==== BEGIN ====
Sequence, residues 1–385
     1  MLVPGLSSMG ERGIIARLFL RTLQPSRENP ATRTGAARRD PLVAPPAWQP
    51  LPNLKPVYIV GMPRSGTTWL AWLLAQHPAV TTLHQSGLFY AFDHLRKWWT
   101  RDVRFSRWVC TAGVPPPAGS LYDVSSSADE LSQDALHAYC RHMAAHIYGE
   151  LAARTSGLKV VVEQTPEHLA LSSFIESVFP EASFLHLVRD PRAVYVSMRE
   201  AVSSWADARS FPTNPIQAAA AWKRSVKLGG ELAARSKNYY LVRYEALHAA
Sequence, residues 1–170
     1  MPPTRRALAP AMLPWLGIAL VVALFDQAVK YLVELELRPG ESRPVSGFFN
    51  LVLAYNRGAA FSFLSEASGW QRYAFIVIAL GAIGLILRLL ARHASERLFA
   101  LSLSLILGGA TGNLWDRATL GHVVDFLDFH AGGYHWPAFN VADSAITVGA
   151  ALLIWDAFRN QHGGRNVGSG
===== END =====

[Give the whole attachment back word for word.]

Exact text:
Sequence, residues 1–385
     1  MLVPGLSSMG ERGIIARLFL RTLQPSRENP ATRTGAARRD PLVAPPAWQP
    51  LPNLKPVYIV GMPRSGTTWL AWLLAQHPAV TTLHQSGLFY AFDHLRKWWT
   101  RDVRFSRWVC TAGVPPPAGS LYDVSSSADE LSQDALHAYC RHMAAHIYGE
   151  LAARTSGLKV VVEQTPEHLA LSSFIESVFP EASFLHLVRD PRAVYVSMRE
   201  AVSSWADARS FPTNPIQAAA AWKRSVKLGG ELAARSKNYY LVRYEALHAA
Sequence, residues 1–170
     1  MPPTRRALAP AMLPWLGIAL VVALFDQAVK YLVELELRPG ESRPVSGFFN
    51  LVLAYNRGAA FSFLSEASGW QRYAFIVIAL GAIGLILRLL ARHASERLFA
   101  LSLSLILGGA TGNLWDRATL GHVVDFLDFH AGGYHWPAFN VADSAITVGA
   151  ALLIWDAFRN QHGGRNVGSG